In an earlier post, I wrote,

It is not the structure of the five-paragraph essay that is limiting: It is a lack of critical reflection on one's ideas.

Many apparently disagree with that assertion, at least about the part on structure being limiting. I'm not sure why they do. Perhaps it's because many do use the five-paragraph essay in limiting ways. Perhaps it comes from a notion of learning as a creative endeavor, and perhaps the notion of "creative" for many suggests that learning occurs by intuitive leaps and bounds, which structure unduly restrains. However, without structure, no creativity can take place. Language itself requires structure to communicate meaning. In English, for example, stress can differentiate between adjectives and compound nouns, as in the difference between a "blue bird" (a bird that is blue in color) and a "bluebird" (a particular type of bird).

learning never occurs de novo.

Similarly, structure is crucial for learning. After all, learning never occurs de novo. Rather,

  • Learning always builds upon that which came before, and
  • Learning almost always involves a remixing of known building blocks.

My favorite example of these two principles is the many species that have evolved from the remixing of only four building blocks of DNA.

In looking at the five-paragraph essay, we can see at least four potential building blocks of writing:

  • introduction
  • "main idea" (thesis statement and topic sentence)
  • evidence
  • explanation (explanation of evidence and conclusion)

Let's look at how these four building blocks are used across three different situations: (1) framing a quotation, (2) the five-paragraph essay, and (3) introducing an academic journal article.

When introducing a quotation, as Graff and Birkenstein note in their book "They Say / I Say", it is typically framed. First, one introduces the source/author of the quotation and the author's main claim, then the quotation (evidence), and next one explains the quotation in light of the author's claim. Then, one uses the framed quotation to introduce one's own position (claim), thus starting another cycle of introduction, claim, evidence, and explanation.

In the five-paragraph essay, of course, one introduces the main claim (thesis statement), provides evidence for that claim in the form of subclaims (topic sentences), explains the subclaims with more evidence and explanations (logic or reasoning), and finally re-explains the main claim in the conclusion.

In introductions to academic journal articles, John Swales has shown that regardless of discipline they always include four rhetorical moves: introduce the topic, review the literature on that topic (explain the topic and the evidence surrounding it), indicate a gap in the literature (explain how something is missing or wrong in the literature, a claim accompanied by evidence and explanation), and then explain what one will do to remedy that gap (another claim with the evidence and further explanation forthcoming in the rest of the article).

The building blocks naturally take different forms in each context and build upon one another as the context becomes more complex. The power of such an approach is its interlocking strength of basic concepts across contexts, thus facilitating learning and transfer via student use and practice of building block concepts across different writing landscapes.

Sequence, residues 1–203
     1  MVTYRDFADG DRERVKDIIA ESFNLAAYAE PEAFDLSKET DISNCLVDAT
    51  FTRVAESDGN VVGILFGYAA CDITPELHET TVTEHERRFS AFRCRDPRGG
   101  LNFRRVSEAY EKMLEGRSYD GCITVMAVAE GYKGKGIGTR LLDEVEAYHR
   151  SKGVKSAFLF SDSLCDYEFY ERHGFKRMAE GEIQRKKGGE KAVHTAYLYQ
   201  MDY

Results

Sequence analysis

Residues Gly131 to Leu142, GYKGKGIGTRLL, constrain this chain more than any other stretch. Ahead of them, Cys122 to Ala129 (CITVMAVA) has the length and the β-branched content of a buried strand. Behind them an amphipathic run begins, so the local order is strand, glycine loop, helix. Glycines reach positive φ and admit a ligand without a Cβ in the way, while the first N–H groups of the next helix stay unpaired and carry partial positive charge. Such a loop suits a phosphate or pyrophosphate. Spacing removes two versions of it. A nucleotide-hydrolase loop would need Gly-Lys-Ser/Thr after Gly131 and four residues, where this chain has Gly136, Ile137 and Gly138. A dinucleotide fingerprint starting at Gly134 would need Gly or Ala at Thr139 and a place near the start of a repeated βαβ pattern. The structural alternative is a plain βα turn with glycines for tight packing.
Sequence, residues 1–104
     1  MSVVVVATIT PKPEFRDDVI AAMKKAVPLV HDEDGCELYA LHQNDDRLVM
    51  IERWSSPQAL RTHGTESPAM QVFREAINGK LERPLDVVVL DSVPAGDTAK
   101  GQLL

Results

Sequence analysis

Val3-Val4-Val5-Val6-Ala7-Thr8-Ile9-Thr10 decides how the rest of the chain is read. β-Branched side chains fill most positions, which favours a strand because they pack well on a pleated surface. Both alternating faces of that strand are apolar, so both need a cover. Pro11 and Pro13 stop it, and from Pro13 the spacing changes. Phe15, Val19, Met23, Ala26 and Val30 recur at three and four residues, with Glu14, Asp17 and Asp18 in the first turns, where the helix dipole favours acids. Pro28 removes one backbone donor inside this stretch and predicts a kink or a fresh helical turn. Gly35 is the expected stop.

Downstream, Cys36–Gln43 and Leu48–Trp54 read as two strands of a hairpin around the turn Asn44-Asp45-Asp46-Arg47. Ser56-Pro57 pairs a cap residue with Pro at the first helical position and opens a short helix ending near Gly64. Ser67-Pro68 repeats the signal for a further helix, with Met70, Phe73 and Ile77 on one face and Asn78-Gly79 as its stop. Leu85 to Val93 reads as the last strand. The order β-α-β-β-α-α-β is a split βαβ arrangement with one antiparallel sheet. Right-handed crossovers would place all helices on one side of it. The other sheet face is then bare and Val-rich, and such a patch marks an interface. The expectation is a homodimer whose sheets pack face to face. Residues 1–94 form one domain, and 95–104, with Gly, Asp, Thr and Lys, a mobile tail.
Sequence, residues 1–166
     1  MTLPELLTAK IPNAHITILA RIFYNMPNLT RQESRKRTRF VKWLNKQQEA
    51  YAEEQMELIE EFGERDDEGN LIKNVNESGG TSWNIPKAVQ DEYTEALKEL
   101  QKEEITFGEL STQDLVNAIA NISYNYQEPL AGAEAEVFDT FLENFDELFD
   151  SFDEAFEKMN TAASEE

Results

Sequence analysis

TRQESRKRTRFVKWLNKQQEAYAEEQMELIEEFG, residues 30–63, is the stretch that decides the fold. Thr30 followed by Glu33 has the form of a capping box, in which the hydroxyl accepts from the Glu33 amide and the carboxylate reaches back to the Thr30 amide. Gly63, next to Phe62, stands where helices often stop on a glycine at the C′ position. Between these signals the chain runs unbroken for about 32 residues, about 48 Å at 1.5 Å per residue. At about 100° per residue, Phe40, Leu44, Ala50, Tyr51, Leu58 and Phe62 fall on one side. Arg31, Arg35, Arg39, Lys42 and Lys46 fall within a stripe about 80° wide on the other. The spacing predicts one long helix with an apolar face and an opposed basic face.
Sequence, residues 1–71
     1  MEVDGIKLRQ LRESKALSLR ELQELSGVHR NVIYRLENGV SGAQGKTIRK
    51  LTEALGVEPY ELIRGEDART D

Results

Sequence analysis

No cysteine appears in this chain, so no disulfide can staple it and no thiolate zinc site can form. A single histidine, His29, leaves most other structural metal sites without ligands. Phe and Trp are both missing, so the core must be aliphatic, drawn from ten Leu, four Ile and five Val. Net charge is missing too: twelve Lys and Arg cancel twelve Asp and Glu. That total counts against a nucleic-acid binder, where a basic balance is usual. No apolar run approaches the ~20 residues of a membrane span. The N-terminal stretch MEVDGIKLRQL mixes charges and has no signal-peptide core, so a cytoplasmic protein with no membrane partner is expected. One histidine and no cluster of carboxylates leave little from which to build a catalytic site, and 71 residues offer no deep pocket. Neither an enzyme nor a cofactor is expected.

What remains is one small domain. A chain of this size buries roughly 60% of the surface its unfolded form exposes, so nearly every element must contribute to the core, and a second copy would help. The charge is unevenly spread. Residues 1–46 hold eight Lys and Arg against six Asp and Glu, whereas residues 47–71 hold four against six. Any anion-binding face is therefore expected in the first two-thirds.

Thus, again, although one can use structure in limiting ways, when used appropriately, structure supports learning. For those who use the five-paragraph essay, then, rather than treat the structure as a formula, it would be more fruitful to familiarize students with its building blocks across contexts (including the five-paragraph essay), rearranging the building blocks in different orders and combinations to consider their rhetorical effect.

To acquaint students with these building blocks, consider beginning by building upon their own experiences with conversation. For example,

  1. First, have students write a conversation they might have with friends trying to persuade them to see a certain movie, play a particular game, or do some other activity, keeping in focus that their friends want to see a different movie or play a different game.
  2. Next, have them analyze their conversations, asking questions such as:
    • Are the building blocks of introduction, claim, evidence, and explanation there?
    • Are there other building blocks?
    • Are they consistently in a particular sequence?
    • Does the order of building blocks change?
    • Is a particular sequence of building blocks more effective?
    • When?
    • Why?
    • How do the sequences and uses of building blocks in conversations compare/contrast to those in the five-paragraph essay?

Of course, you can extend this process of analysis to other genres, such as blogs and editorials in newspapers, and to other media, such as podcasts and videos.

contradictions ... are the driving force of learning.

Whether learning new languages or new dialects, such as academese and blogese, this process of analyzing concepts across contexts can bring into focus contradictions between the rhetorical conventions of different dialects, languages, disciplines, and media. And it is contradictions that are the driving force of learning.